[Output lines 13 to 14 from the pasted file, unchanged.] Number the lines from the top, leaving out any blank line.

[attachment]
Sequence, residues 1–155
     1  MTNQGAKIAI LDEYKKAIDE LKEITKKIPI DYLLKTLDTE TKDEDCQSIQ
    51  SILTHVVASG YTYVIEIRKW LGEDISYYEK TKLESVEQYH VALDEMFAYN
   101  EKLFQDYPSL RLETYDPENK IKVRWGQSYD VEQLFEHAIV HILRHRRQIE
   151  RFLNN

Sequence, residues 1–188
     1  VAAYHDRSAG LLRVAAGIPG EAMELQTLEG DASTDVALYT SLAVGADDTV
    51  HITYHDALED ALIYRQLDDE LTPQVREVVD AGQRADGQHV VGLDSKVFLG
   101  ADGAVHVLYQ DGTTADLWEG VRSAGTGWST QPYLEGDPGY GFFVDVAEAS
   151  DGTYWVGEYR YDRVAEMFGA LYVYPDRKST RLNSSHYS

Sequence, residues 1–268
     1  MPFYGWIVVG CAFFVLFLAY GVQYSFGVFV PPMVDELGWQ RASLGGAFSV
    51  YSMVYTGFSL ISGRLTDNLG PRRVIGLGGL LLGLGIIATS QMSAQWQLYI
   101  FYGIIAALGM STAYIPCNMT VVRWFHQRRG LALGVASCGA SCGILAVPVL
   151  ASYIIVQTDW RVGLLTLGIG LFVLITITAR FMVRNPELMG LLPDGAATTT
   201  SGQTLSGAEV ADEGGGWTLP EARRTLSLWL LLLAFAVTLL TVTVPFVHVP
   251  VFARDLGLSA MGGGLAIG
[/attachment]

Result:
    51  YSMVYTGFSL ISGRLTDNLG PRRVIGLGGL LLGLGIIATS QMSAQWQLYI
   101  FYGIIAALGM STAYIPCNMT VVRWFHQRRG LALGVASCGA SCGILAVPVL